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What is Phishing? Everything You Need to Know

- Reading Time: 2 minutes

Errors are human! And cybercriminals have understood this all too well. They mostly manage to infiltrate information systems (even the most secure ones) by exploiting human vulnerabilities. Their secret weapon: phishing. So what is it? And above all, how can we guard against it? Find out the answers.

Phishing, the number one means of computer intrusion

Phishing is a technique aimed at facilitating the retrieval of personal data. 

Rather than exploiting IT security vulnerabilities, hackers prey on human vulnerabilities, which tend to be much more effective. Specifically, they masquerade as a trusted third party to coax their victims into revealing confidential information.

This method is commonly employed through the sending of an email. At first glimpse, this email seems to originate from a well-known organization or person. It could be the recipient’s bank, a courier service, a service provider, or even occasionally the company’s top executive (using the “CEO fraud” method).

There’s the logo, the name, the email address… everything is constructed to engender trust. Yet, this act of identity theft is merely a facade.

Because the ultimate aim is rather straightforward: to gather personal and confidential information. For instance, a “bank” might request a user’s banking details, or a company manager might solicit login credentials from their employees… Such personal information should never be shared via email.

Apart from data collection, the phishing email may also contain a link to click on. For instance, to track a parcel, to review account status, to access a video… With a single click, the phishing scheme is set into motion. It enables cybercriminals to penetrate the system, distributing their malware and inflicting damage.

Besides emails, cybercriminals can also deploy this tactic through counterfeit websites, fraudulent mobile apps, or even phone calls.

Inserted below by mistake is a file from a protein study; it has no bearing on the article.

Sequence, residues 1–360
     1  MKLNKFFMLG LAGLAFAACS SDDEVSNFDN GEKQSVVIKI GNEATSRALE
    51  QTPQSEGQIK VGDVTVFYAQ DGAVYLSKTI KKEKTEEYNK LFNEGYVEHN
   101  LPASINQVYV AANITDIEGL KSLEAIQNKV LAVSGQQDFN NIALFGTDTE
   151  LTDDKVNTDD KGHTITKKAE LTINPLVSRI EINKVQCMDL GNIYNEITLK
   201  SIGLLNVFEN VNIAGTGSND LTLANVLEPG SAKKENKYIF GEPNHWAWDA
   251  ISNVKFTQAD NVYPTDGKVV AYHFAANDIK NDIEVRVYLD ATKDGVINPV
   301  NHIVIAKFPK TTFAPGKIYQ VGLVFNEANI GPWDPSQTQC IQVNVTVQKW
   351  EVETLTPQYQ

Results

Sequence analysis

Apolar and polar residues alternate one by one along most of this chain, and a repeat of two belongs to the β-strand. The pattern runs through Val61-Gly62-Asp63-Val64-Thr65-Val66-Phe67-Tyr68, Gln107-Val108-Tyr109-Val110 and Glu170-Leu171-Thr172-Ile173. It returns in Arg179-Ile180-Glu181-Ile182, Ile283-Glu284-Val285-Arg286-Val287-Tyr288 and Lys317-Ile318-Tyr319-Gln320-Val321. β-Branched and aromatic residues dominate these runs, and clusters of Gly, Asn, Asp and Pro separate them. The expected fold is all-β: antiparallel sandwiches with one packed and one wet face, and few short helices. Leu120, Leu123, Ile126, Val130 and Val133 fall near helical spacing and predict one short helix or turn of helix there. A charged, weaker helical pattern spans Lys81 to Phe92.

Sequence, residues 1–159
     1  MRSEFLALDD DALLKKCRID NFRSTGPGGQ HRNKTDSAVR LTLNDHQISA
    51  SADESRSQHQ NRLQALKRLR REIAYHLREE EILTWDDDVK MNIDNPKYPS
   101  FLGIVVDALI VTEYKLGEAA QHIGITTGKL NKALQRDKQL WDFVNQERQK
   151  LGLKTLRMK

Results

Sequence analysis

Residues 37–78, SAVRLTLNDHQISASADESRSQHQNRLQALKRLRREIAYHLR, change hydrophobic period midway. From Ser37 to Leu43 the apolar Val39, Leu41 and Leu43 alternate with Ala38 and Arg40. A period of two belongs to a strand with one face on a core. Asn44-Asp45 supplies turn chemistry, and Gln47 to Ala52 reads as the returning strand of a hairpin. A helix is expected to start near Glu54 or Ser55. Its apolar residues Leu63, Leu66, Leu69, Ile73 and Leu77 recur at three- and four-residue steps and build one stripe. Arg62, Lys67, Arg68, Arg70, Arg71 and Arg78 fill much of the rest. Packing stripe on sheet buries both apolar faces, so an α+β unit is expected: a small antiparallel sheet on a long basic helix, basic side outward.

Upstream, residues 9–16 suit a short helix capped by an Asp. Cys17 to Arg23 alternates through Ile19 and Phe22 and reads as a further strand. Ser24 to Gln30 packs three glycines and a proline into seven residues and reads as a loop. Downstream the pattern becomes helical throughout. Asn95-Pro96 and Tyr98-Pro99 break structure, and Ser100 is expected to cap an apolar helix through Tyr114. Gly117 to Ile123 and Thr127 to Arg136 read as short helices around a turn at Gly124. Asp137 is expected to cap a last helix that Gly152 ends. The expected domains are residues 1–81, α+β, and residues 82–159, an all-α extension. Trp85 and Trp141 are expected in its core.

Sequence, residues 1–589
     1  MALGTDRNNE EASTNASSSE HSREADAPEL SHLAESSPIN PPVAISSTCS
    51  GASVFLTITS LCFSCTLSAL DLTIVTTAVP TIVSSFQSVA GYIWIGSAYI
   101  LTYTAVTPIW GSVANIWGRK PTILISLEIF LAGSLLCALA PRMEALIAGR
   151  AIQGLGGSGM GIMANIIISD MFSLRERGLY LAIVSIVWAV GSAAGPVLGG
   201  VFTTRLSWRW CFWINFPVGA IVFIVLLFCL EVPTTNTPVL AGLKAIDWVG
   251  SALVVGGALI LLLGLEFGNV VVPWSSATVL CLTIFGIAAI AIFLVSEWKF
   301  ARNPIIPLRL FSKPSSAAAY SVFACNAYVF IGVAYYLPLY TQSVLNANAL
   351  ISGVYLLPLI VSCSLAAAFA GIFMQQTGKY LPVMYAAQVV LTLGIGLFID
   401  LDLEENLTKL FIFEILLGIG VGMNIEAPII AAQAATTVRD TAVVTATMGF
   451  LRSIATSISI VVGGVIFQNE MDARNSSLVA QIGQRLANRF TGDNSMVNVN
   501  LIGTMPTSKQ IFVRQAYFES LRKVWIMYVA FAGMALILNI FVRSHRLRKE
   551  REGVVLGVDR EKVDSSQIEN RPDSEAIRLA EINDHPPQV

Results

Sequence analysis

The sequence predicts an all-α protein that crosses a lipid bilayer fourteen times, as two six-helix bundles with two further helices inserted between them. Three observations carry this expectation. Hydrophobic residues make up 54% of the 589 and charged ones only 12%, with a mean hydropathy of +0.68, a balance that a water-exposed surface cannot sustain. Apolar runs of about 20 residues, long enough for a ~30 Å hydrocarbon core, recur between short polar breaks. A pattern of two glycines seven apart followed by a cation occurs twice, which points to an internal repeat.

How to defend against phishing?

For 74% of companies that have fallen victim to a cyberattack, phishing represents the gateway for malicious hackers. Given the widespread use of this tactic, safeguarding against it is of paramount importance. This can be achieved through both employee education and the fortification of IT defenses.

Raising team awareness

Since phishing capitalizes on human mistakes, limiting these by educating teams about IT risks and specifically best practices is crucial. Key recommendations include:

  • Avoid sharing sensitive information via email;
  • Check the URL before clicking on it (simply hover your mouse over it without clicking to view it);
  • Employ complex passwords and update them regularly;
  • Scrutinize the sender’s email address (administrator.org.com rather than administrator.com);
  • Refrain from opening dubious attachments; etc.

Educational efforts can be supported by phishing simulations. This helps individuals comprehend cyber risks and the cunning of hackers.

Strengthening the security framework

While human error is inescapable, its impact can be mitigated with a robust technological arsenal. Among the vital safeguards are:

  • Firewalls: they scrutinize all network traffic. Any suspicious activity is promptly blocked.
  • Access restrictions: it’s feasible to limit network access and data sharing externally.
  • Regular updates: to ensure the highest level of security effectiveness.
  • Two-factor authentication: since passwords can be easily hacked, utilizing additional verification methods, such as receiving a code via email or SMS, is advisable.

Train in cybersecurity to diminish threats

If phishing is the primary avenue for cybercriminals, it doesn’t always succeed. Indeed, corporations with highly secure IT infrastructures are significantly less susceptible to these kinds of incursions. However, to safeguard their systems, they require specialists. And with the escalation in threats, such expertise remains in short supply. So, why not pursue training in this domain? With DataScientest, you’ll acquire the necessary skills to secure information systems and thereby reduce the consequences of phishing. Join us!

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